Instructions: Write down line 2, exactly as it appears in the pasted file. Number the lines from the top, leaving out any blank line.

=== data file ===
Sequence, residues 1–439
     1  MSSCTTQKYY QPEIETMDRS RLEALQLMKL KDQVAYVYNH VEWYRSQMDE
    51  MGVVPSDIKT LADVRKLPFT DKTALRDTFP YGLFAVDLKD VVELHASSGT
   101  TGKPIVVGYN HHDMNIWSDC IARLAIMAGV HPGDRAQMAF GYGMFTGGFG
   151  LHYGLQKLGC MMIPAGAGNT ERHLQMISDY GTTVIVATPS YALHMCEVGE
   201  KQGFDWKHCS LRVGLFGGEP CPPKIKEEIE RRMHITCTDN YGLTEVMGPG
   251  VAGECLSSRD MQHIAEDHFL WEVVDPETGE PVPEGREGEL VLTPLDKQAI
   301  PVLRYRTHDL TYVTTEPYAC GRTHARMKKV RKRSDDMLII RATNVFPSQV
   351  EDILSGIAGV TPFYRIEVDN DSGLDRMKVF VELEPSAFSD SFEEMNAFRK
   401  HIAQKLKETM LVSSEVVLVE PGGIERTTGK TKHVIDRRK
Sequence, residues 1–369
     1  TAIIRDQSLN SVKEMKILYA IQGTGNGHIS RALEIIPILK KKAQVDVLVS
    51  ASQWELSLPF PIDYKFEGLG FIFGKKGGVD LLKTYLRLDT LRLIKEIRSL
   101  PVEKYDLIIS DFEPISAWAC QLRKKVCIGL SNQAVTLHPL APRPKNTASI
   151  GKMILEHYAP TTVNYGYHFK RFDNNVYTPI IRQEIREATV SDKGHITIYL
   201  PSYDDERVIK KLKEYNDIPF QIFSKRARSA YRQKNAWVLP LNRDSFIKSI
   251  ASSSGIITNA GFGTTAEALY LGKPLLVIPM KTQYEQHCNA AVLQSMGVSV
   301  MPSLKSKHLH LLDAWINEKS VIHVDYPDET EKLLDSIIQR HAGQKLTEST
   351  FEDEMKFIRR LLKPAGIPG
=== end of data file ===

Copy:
     1  MSSCTTQKYY QPEIETMDRS RLEALQLMKL KDQVAYVYNH VEWYRSQMDE